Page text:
A young artist from Weston, who goes by the name Mady G., works in a kaleidoscope of comic styles and often deploys them to teach a kind of sex ed.
Just after Thanksgiving, Mady G. was teamed with Jill Soloway, creator of the television series “Transparent,” to do an animated video on why some transgender people use the pronoun “they” when referring to themselves as individuals.
Both Mady G. and Soloway have adopted the singular “they” to signal their own gender viewpoint. Their three-minute video ran in the December issue of Topic, a new digital magazine, called “Checking the Third Box.” It was inspired by the trend among states and cities to add a third gender option to the male and female boxes traditionally provided on birth certificates and drivers licenses.
Soloway, the writer and narrator, delivers a serious message about how the third box, or x box, can be a liberating and safe space for people who consider themselves neither male nor female.
But Mady G., who gets direction as well as animation credit, gives the message a playful, colorful treatment. Watched with the sound off, “Checking the Third Box” could be an instructional cartoon for pre-school voters. Some of the simply drawn authority figures look like upright fish.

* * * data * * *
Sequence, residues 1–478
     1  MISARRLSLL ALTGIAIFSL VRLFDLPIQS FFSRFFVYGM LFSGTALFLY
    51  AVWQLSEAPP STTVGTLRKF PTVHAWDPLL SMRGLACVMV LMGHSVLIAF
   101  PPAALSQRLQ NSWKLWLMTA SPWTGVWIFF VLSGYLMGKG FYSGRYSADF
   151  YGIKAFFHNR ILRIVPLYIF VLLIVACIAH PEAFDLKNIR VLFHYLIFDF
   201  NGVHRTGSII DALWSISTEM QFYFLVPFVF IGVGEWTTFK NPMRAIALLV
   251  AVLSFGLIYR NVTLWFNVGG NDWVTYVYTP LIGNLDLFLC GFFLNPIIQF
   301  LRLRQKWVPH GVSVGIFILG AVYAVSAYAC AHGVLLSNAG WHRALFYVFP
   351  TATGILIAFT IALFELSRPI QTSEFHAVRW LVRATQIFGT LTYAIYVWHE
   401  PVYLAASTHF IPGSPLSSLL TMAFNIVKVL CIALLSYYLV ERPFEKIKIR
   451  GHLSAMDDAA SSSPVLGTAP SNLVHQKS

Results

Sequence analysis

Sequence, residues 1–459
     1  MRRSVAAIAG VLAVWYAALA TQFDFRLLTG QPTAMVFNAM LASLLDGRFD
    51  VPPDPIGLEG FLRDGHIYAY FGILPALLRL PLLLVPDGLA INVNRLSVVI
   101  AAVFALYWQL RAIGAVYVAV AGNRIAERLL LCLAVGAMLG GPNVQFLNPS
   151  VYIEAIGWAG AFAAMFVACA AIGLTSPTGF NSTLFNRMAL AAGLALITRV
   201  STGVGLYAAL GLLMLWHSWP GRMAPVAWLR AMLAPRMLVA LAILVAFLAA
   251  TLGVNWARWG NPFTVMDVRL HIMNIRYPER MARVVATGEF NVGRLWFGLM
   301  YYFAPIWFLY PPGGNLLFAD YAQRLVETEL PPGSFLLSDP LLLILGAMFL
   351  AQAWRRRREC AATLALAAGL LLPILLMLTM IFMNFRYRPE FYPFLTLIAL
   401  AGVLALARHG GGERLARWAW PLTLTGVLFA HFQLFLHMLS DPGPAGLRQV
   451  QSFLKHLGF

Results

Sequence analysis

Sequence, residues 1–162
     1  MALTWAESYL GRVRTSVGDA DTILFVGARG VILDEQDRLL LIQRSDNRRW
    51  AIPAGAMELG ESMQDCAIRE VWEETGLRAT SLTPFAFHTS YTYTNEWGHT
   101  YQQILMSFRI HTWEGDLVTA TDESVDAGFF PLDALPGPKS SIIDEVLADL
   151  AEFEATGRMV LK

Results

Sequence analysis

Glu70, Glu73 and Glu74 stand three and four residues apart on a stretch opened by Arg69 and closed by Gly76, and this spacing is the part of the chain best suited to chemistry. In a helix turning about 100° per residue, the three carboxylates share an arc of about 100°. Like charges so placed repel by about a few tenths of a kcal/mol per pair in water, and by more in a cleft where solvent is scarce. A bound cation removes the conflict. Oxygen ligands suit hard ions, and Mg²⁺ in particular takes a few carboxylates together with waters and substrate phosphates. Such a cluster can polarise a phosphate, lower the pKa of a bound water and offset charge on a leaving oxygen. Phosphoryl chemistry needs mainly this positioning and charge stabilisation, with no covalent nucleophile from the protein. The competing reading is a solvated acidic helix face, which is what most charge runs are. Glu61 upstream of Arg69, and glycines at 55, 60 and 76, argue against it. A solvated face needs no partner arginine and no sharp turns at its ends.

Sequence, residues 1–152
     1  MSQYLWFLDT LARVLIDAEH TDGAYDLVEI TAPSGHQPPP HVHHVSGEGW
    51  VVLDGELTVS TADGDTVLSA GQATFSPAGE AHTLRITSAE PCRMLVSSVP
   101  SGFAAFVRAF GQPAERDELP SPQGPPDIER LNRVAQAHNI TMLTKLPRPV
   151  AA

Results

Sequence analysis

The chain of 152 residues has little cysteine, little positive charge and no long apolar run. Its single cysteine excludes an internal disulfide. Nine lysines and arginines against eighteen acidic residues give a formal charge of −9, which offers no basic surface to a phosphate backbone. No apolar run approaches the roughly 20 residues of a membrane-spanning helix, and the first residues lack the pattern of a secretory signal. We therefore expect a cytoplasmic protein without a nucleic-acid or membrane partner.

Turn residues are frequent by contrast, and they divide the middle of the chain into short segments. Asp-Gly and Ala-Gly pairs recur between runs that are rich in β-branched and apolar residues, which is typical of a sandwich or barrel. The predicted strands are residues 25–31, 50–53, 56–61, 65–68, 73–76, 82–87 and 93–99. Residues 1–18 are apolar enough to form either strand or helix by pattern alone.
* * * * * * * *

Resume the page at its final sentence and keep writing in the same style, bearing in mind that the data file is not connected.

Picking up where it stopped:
“I was very flattered,” says Mady G. of the chance to work with Soloway. “I was assigned as transgender artist to work with another transgender person.”
Mady G. is just 25 and graduated from the Pratt Institute only in 2015. As a freelance cartoonist and illustrator, Mady G.’s resume lists two pronoun choices: they/them or he/him. Like Soloway, Mady has slowly moved away from the female identity he was born with.
“I feel more masculine at center, but I don’t feel like a man. I feel like I’m me,” he says. “My goal is not to present as a cis-gender (straight) man. My goal is to exist in the middle as myself and work through the world that way rather than, I guess, taking the easy way out and just picking another binary gender and being unhappy in a different way.”
Mady’s ongoing and open-ended transition informs much of his work. His video with Soloway was rewarding but minor compared to a book due out in April. Already listed on Amazon, it bears the self-explanatory title “A Quick and Easy Guide to Queer and Trans Identities.”
Done in the style of a graphic novel, Mady says he did the more strictly educational sections of the 100-page book, while co-author J.R. Zuckerberg did sections that employ smurf-like characters to demonstrate its lessons. The cover art is a bright and innocent garden scene peopled by bug-eyed snails.
Mady also is a regular contributor to The Nib, an illustrated digital magazine devoted to social and political issues. Its contributors work in many styles (Tom Tomorrow is one familiar name). Some pieces appear as single panels, like traditional editorial cartoons, but others are multi-panel, reading from top to bottom. One 16-panel piece Mady did recently lampoons the gender policing of public restrooms. Instead of a Robocop, Mady has a Bathroombot enforcer that goes haywire.Read Full Article